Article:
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NCJ delegates talk anti-racism and future, vote to reduce bishops

Posted: November 12 2021 at 09:54 AM
Author: By Christa Meland, director of communications, Minnesota Conference


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North Central Jurisdiction bishops presided over the gathering. Photo by Rick Wolcott

When Rev. Ron Bell was in high school, his father became superintendent of the Eastern District of the Delaware Annual Conference. As their family was moving into the superintendents’ big, beautiful parsonage in Eastern Maryland, the entire local police department surrounded the house with guns drawn and told Bell and his father to get on the ground with their hands behind their heads. Why?

“Because a little white girl across the street saw black folk in her neighborhood,” said Bell, who serves Camphor Memorial UMC in St. Paul, Minn. “That's when I knew race matters.”

Rev. Juyeon Jeon, senior pastor at First UMC in Bensenville, Ill., came to the U.S. from South Korea in 2008 and said “she worked very hard to assimilate to the culture and language.” But says she deeply realized that race matters through her six-year-old daughter. 

“It was right after George Floyd’s death and I was taking a walk in our predominantly white neighborhood with my daughter, who looks just like me,” said Jeon. “About 100 feet away two men in a car driving by started shouting ‘hey Chinese’ and they kept calling out to us.”

Jeon said she held her daughter close and kept walking but said the experience is still hurtful. “Whatever their intention was I don't know, but I was feeling threatened and mocked and to think this is the reality my daughter will live, I was so upset,” Jeon said. “This needs to be changed and stopped.”

Jeon and Bell were among six “truth-tellers” who shared their personal experiences with race at a virtual North Central Jurisdictional (NCJ) gathering that took place Nov. 10 and 11. ►Watch video

Approximately 250 delegates participated in the official Zoom meeting, and others from across the 10-conference jurisdiction watched it live online. Delegates spent the majority of their time together on three big topics of conversation—dismantling racism, the future of episcopal leadership, and the future of The United Methodist Church. On the second day of the conference, they voted 142-13 in favor of a proposal to reduce the number of active bishops in the NCJ from nine to eight to align with the membership threshold for bishops that’s set by General Conference.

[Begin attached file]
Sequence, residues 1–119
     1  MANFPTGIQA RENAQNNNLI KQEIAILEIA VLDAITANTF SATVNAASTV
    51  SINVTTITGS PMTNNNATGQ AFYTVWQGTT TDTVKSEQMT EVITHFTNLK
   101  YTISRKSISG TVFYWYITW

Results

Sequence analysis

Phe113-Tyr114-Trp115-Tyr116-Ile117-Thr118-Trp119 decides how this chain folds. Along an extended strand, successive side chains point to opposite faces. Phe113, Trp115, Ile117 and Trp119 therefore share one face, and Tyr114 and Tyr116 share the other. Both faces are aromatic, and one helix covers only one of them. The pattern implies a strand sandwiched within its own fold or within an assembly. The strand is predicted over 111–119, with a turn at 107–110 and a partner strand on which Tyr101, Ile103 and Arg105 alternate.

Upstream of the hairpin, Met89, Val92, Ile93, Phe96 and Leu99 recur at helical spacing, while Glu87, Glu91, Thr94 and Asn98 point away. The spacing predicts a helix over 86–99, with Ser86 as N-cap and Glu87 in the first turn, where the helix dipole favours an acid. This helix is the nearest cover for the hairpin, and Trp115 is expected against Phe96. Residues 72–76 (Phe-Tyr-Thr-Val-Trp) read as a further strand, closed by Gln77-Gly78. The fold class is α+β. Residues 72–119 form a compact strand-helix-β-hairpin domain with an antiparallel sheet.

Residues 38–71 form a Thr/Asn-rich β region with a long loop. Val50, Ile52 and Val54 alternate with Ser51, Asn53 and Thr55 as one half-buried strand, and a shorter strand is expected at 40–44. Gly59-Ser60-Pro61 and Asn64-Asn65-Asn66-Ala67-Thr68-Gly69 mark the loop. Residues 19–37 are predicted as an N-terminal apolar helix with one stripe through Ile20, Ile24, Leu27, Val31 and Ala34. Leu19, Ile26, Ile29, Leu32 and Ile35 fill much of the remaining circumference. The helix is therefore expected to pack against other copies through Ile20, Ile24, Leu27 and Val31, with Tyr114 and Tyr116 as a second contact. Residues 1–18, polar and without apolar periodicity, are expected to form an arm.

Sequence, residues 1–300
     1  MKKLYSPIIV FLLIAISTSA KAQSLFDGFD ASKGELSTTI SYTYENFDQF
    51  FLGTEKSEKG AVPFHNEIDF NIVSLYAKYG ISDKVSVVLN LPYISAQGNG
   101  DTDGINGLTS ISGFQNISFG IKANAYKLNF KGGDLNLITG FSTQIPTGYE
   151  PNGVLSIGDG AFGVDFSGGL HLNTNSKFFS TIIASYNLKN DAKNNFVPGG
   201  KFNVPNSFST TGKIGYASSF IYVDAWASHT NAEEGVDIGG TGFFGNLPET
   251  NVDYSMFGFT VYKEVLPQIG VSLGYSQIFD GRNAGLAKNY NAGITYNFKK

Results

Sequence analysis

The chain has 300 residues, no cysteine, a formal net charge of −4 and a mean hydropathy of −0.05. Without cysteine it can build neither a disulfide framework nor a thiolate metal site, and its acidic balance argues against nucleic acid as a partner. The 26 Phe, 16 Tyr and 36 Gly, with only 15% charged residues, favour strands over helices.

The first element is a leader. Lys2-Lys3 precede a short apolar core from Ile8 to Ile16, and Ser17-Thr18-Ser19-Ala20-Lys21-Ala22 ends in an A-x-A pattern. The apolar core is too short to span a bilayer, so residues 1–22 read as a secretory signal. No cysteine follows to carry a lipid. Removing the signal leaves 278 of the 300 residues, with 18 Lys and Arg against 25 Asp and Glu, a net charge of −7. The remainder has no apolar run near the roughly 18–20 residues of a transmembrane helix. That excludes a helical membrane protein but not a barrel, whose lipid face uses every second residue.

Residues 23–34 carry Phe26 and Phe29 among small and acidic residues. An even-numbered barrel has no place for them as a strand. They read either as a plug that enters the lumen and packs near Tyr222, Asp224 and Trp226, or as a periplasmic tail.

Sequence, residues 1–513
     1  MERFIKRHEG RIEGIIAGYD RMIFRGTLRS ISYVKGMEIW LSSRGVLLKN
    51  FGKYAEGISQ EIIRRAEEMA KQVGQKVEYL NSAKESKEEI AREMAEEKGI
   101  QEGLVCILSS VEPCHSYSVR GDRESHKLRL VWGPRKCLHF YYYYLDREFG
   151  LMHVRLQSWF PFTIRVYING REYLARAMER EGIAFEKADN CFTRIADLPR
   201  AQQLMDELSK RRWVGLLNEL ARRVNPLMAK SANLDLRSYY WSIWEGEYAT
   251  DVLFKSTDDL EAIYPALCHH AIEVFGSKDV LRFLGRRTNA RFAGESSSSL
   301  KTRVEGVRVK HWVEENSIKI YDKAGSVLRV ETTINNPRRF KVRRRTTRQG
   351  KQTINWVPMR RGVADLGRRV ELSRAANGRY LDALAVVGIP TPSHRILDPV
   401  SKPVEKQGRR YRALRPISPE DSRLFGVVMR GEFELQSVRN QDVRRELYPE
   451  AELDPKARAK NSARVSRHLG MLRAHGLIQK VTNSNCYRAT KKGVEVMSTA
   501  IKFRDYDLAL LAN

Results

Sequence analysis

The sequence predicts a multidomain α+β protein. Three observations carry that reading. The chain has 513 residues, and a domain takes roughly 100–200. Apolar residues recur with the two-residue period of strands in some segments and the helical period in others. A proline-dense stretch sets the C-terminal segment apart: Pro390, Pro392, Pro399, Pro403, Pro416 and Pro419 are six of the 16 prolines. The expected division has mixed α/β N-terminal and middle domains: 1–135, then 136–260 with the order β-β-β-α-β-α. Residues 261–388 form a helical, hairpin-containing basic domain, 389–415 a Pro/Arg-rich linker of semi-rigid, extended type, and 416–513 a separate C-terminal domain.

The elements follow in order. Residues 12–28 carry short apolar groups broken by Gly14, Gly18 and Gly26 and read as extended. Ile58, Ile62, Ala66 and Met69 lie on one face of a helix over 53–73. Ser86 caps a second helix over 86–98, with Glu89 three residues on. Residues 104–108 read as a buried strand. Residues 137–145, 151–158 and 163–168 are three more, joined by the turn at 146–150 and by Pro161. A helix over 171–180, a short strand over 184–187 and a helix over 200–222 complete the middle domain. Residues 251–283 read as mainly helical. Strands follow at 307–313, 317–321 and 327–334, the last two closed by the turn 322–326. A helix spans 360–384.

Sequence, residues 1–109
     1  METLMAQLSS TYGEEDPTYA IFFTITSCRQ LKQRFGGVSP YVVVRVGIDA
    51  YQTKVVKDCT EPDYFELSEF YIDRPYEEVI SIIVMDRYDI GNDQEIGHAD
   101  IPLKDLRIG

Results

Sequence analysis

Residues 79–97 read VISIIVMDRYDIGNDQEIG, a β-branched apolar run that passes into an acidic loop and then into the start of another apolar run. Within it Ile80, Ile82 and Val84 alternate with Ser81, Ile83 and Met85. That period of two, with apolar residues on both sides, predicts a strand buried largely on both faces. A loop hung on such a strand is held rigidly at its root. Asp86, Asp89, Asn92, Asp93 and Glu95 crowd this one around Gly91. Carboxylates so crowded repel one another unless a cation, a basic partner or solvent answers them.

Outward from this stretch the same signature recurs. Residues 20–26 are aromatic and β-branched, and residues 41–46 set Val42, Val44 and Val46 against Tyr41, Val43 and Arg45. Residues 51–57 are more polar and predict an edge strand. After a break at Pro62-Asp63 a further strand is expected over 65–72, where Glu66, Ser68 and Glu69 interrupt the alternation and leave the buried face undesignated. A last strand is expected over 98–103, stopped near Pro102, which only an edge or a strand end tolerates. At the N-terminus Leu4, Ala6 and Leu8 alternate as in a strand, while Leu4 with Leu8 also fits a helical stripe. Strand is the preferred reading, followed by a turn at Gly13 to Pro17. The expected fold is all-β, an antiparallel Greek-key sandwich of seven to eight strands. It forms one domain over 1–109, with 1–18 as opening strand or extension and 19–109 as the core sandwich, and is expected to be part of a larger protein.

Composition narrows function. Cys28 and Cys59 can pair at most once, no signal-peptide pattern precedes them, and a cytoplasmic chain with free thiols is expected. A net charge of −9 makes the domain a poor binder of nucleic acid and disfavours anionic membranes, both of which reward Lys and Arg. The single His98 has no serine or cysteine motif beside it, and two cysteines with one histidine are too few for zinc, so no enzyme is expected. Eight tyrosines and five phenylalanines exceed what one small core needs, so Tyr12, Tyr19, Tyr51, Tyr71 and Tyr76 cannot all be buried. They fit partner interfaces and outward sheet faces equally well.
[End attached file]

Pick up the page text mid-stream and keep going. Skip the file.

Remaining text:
Dismantling racism

In the dismantling racism portion of the session, retired Bishop Hope Morgan Ward reminded attendees that the ministry of anti-racism centers in discipleship.

“The arc of history bends toward justice, and we will be forceful in pulling that arc down together, all to the glory of God,” she said. She noted that the Council of Bishops has centered the ministries of equity, inclusion, justice, diversity, and antiracism—and in doing so, has appreciated the work of Brian Stevenson, founder of the Equal Justice Initiative in Montgomery, Alabama, and chief creator of the National Memorial for Peace and Justice. He urges four pillars for anti-racism efforts:

  • Hear and share true stories; in particular, give space to and honor stories of people of color.
  • Get “proximate” to the suffering and pain of racism and inequality.
  • Expect resistance. 
  • Protect your hopefulness.
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Pictured with her daughter Rev. Juyeon Jeon, pastor at First UMC in Bensenville, was among six truth-tellers who shared their personal experiences with race at the virtual North Central Jurisdictional (NCJ) gathering. Photo courtesy Juyeon Jeon

After hearing from Ward, the six truth-tellers each issued a challenge to the North Central Jurisdiction and the Church. 

“Justice takes more than just words; it requires sacrifice,” said Andres De Arco, National Assistant Director to the United Methodist Hispanic Youth Leadership Academy and a member of the West Ohio Conference. “What are you willing to sacrifice for justice?”

The dismantling racism session ended with small group discussions among delegates. They reflected aloud on a question posed by Bishop Tracy Smith Malone, resident bishop of the East Ohio Conference: As you think about your context and your discipleship journey and life in Christ, how might God be calling you to make a difference, to step out more boldly and prophetically…to put your weight on the arc of history, bending toward justice?

NIC Clergy Delegate Rev. Hwa-Young Chong, who leads Community UMC in Naperville, Ill., said the witnesses from the "truth-tellers" had a profound impact on her.  

“It was painful to hear how structural racism continues to harm and dehumanize the communities of color,” said Chong. “At the same time, these witnesses were so powerful and I think we need to keep telling the stories and naming our hurts and wounds, even though it is very painful to do so.”

The future of episcopal leadership

Delegates on Thursday voted 142-13 in favor of a proposal to have eight active bishops in the NCJ as of the next regular session of the jurisdictional conference—representing a decrease from the nine bishops who have led the jurisdiction in recent years.